While there is no one sized fits all approach, generally speaking most people can benefit from:

  • Recovery day: 1 day off every 7-14 days,
  • Recovery week: 4-7 days of less intense less volume at least once per month in their training cycles,
  • Recovery cycle:  a full cycle of unstructured or different training once per year or training phase.


Various techniques exist for enhancing / improving or attempting to improve recovery in addition to pure rest.  These include but are not limited to: hot and cold baths, compression garments, massage and other manual modalities, nutrition strategies, supplementation, topical creams and stretching.  While some techniques show more success than others in terms of enhancing recovery a key to note is that we might not always want to enhance or accelerate recovery in order to improve performance.  Strenuous workouts breakdown the body and it is through the repair process that the body improves and adapts to this stress.  If we continually super-compenstate this process with outside assistance (things other than balance nutrition, hydration and rest) the body doesn’t learn to adapt in the same manner and can potentially lead to a decrease in performance.

Things to consider:

  • As we age our bodies usually require more frequent periods of rest.
  • Women recover differently then men.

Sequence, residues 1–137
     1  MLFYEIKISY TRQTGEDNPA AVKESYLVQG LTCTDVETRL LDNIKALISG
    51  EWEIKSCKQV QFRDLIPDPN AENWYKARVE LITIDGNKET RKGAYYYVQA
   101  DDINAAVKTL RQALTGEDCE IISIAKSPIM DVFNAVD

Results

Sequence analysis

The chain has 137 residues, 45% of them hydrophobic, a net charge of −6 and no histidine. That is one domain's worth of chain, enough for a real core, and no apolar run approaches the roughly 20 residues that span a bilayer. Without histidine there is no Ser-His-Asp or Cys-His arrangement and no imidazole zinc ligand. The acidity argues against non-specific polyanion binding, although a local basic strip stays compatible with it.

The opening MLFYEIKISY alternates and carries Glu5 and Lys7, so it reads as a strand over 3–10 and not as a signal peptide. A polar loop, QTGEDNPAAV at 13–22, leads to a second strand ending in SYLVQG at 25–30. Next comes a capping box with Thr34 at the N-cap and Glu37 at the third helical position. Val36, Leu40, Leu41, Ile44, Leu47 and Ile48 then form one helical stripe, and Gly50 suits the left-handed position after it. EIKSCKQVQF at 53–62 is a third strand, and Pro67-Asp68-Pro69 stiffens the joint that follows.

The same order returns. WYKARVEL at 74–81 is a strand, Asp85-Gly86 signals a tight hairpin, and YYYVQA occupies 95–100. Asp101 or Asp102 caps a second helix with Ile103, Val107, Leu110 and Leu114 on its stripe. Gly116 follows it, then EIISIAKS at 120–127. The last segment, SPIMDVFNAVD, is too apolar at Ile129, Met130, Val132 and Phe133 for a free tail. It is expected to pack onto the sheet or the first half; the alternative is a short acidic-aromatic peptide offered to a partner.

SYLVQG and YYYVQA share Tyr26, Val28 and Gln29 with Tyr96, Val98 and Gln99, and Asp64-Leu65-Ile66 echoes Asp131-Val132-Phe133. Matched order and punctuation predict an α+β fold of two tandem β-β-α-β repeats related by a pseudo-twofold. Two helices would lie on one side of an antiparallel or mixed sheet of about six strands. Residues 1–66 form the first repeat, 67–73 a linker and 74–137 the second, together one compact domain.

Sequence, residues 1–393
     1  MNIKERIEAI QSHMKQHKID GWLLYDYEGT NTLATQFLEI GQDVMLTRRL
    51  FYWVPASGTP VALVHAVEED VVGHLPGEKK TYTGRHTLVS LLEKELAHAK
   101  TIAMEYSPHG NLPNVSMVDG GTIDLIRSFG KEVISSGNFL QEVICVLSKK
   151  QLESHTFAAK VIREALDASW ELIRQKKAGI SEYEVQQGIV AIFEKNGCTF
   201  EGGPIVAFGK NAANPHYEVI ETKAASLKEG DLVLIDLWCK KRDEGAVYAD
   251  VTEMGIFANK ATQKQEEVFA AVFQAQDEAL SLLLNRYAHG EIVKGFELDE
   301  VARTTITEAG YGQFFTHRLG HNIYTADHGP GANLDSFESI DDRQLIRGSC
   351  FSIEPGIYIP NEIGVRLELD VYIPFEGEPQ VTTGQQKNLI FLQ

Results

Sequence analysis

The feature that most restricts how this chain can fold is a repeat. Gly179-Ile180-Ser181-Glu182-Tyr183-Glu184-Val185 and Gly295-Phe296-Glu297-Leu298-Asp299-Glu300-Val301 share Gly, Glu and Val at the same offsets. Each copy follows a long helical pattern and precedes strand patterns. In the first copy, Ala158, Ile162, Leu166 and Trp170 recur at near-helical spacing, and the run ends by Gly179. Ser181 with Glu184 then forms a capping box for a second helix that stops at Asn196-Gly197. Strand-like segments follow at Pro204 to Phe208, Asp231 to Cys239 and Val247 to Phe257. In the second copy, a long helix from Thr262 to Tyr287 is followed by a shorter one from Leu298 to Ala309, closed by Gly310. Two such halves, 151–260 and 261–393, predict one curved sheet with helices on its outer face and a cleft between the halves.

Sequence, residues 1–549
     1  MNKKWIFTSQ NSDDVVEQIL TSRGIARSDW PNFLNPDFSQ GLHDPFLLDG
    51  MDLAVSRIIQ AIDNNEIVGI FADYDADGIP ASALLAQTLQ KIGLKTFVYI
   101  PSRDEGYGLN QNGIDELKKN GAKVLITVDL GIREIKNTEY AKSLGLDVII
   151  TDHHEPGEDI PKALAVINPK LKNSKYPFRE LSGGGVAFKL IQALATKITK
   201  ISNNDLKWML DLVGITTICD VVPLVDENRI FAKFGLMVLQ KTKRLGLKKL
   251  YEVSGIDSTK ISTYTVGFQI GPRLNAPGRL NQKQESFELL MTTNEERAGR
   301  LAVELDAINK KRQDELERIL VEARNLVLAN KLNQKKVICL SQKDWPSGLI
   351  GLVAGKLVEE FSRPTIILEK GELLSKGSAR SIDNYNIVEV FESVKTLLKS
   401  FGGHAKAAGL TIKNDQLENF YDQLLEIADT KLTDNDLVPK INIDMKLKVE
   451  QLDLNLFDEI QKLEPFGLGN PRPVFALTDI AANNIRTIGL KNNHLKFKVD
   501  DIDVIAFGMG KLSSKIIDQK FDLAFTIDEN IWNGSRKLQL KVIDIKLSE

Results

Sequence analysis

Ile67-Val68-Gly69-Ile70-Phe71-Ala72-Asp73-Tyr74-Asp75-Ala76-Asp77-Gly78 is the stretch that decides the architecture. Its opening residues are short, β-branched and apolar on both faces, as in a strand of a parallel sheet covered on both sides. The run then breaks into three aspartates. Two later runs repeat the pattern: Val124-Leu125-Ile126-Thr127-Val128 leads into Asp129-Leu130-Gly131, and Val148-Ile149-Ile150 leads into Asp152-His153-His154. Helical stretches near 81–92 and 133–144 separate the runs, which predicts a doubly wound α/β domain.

• Training environments such as heat or altitude will change the need for recovery.
  • Don’t over supplement or aim to enhance recovery through recovery techniques all the time.  Rather support the body with balance nutrition and periods of rest most often, and save the enhanced recovery techniques for specific times such as competition phases where you need to perform and recover multiple times at an accelerated rate.
  • If you don’t make time for recovery, your body will make sure that you do, usually in the form of illness or injury.
  • Proper recovery is part a key factor in improving / maximizing your athletic performance.


Water Up!   All the cells in you  body are made up of water.  Water is necessary for all of bodies functions.  Without water we die. Water is necessary for transport of nutrients and elimination of wastes.  It’s key for staying focused and can prevent headaches and fatigue. Generally speaking aim for 2.0-3.0L of water and herbal teas, daily, maybe more if you are exercising or training more than 2 hours per day on a regular basis.